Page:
Best of all, research indicates that the newborns only need to be provided with copepods for about the first week of life (4-7 days) in order to achieve these benefits (Todd Gardner, pers. com.). After that, the newborns have grown enough and their digestive tracts have matured enough to be able to handle newly-hatched brine shrimp without difficulty and Artemia nauplii can serve as the staple diet for the fry thereafter.
In short, Suzanne, there is now considerable evidence that indicates copepods are a superior food source for newborn seahorses. In a nutshell, the copepods are simply far more nourishing and easier for the fry to digest than Artemia.
For example, here are the abstracts from a couple of the recent studies on rearing seahorse fry with copepods that will give you a better idea of what I’m talking about (I would be happy to e-mail you copies of the complete studies off list if you’re interested):
Rearing West Australian seahorse, Hippocampus subelongatus, juveniles on copepod nauplii and enriched Artemia
M.F. Payne), R.J. Rippingale
School of EnÍironmental Biology Curtin University of Technology, GPO Box U1987,
Perth 6845, Western Australia
Received 3 November 1999; received in revised form 31 January 2000; accepted 31 January 2000
Improved captive breeding techniques are required for seahorses. Artemia nauplii are generally considered a poor first feeding diet for many seahorse species. This study compared growth and survival of newborn Hippocampus subelongatus reared on cultured copepod nauplii and Artemia nauplii enriched with Super Selcow. Early growth and survival of seahorses were significantly greater when fed copepod nauplii. Copepod nauplii were well digested by juvenile seahorses whereas Artemia nauplii were not. Fatty acid requirements of seahorses could not be determined.
The addition of UV water sterilization improved seahorse survival. When offered copepod nauplii of different sizes, 5-day-old seahorses preferentially selected the largest nauplii. Maximum predation rate in these juveniles was 214 copepod nauplii/seahorse. Provision of copepod nauplii to juveniles improves the prospects of establishing captive breeding populations of H. subelongatus. q2000 Elsevier Science B.V. All rights reserved.
Keywords: Seahorse; Copepod; Artemia; First feeding; HUFA; Prey selection
And from Robin James, Weymouth Bioservices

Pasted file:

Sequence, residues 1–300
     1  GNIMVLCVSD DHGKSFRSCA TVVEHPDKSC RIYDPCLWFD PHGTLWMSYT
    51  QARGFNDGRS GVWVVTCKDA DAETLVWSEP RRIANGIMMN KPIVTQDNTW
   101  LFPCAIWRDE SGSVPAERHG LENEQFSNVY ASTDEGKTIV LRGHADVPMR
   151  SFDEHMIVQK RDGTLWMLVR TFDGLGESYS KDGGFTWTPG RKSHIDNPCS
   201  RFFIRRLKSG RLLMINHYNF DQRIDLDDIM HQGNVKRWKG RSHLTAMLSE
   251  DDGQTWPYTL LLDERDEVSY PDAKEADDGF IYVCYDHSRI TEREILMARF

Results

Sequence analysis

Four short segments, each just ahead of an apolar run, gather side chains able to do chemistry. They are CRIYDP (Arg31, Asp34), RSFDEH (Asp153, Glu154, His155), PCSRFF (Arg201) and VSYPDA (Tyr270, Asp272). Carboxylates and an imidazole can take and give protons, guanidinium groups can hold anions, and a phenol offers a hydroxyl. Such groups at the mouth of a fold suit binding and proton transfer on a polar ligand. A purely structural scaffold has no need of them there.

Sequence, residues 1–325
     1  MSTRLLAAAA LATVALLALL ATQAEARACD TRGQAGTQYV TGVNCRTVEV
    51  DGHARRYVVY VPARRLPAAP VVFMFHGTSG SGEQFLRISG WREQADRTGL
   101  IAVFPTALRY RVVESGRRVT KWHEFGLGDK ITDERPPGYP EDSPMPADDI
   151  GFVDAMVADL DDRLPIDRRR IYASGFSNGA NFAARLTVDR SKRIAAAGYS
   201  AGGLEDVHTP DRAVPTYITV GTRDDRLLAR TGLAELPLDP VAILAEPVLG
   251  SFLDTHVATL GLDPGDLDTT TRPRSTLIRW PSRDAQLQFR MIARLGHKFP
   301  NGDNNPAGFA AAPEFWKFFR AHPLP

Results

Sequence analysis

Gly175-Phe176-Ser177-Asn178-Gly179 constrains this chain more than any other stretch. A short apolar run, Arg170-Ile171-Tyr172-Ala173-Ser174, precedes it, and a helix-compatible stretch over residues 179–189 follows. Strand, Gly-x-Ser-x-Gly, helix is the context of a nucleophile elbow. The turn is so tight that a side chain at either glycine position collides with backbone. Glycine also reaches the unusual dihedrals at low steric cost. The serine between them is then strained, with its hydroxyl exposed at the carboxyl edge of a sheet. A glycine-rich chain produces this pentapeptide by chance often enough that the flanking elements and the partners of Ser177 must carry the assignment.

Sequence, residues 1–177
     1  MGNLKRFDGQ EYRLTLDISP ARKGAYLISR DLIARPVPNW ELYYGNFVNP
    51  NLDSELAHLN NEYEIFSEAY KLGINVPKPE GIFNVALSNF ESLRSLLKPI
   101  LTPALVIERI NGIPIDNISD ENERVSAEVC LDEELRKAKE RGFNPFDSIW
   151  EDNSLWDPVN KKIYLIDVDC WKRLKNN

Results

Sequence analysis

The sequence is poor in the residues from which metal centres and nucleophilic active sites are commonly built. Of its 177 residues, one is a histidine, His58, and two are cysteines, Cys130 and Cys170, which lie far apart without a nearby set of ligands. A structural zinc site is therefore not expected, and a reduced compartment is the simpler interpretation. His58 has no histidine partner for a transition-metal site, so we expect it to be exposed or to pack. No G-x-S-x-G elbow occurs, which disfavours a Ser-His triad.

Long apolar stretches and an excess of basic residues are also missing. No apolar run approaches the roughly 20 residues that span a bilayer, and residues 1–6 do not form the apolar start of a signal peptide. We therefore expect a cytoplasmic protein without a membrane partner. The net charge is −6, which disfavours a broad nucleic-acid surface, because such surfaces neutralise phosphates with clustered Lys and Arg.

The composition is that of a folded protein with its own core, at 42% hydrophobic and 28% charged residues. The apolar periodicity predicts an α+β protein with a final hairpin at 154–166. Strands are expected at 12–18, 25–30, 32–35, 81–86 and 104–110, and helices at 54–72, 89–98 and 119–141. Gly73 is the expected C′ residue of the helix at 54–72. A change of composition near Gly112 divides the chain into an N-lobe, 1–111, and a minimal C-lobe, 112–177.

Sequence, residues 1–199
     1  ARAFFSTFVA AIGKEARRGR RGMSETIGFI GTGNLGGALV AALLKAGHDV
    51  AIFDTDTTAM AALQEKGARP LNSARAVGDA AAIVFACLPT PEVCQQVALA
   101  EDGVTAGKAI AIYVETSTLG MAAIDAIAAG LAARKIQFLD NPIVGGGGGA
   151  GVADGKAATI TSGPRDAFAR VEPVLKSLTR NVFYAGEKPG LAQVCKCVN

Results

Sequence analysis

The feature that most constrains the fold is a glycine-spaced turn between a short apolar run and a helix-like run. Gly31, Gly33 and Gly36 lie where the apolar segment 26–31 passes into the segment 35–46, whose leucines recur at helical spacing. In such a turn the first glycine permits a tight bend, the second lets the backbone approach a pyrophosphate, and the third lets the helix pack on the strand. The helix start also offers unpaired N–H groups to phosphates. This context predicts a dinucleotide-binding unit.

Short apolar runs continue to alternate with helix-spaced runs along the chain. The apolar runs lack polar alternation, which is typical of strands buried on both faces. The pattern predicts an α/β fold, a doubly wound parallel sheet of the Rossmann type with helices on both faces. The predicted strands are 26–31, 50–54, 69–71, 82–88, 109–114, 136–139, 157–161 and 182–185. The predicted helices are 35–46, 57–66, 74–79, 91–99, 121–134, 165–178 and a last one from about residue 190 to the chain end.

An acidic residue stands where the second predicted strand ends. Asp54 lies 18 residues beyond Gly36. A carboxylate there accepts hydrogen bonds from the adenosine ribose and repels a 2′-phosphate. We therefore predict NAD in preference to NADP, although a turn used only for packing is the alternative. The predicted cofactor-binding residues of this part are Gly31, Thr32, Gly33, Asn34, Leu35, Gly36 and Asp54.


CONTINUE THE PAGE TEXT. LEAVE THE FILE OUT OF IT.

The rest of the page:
Effect of copepod diet on growth rate of juvenile Hippocampus abdominalis.
Artemia is commonly fed to juvenile sea-horses as it is cheap and easy to culture. However, it is known to have a low nutritional value and is thought to be unsuitable for the delicate digestive systems of the juveniles. Copepods are smaller, more nutritious and less abrasive, but difficult to culture and more expensive than Artemia. This trial aims to asses whether a copepod enriched diet produces an improved growth rate of newborn H. abdominalis when compared to the growth rate produced by a standard Artemia diet.
This study produce much the same results — copepods proved to be more nutritious and resulted in faster growth and lower mortalities than newly-hatched brine shrimp. A number of other studies have since demonstrated the same thing.
So it’s not surprising that the fry that receive the copepods are doing the best in your case, Suzanne. By all means, continue to provide this most nutritious live prey for your seahorse fry if you can manage it. Once they make it past the first week of life, you can then switch them on to newly-hatched Artemia nauplii as their staple diet without any ill effects.
Best of luck raising your juveniles the rest of the way, Suzanne!
Pete GiwojnaMarch 28, 2007 at 9:32 pm #3521SuzanneGuest
You would really email it to me? Thank you so much! Can you get my email from here?
So, if Gardner feels only one week is sufficient, maybe I will try to give a few more the copepod advantage. I can only culture so many in my basement, but if my papa delivers every other week, that gives me one week to all out grow them without harvesting.
Thanks again!March 29, 2007 at 3:24 am #3529Pete GiwojnaGuest
You bet, I’d be very happy to e-mail you copies of those studies. Just contact me off list at the following e-mail address, and I’ll get those papers off to you right away: [email protected]
Best wishes with all your fishes (and micro cultures, too), Suzanne!
Pete GiwojnaMarch 30, 2007 at 3:46 am #3531SuzanneGuest
Wow! I got the papers! Thank you so much, I will be reading all night tonight! I wish I could repay you! Thanks again!March 30, 2007 at 4:40 am #3532Pete GiwojnaGuest
You’re very welcome!
Dig into the material would enjoy your reading. I hope the information proves helpful.
Best of luck with your rearing projects, Sue!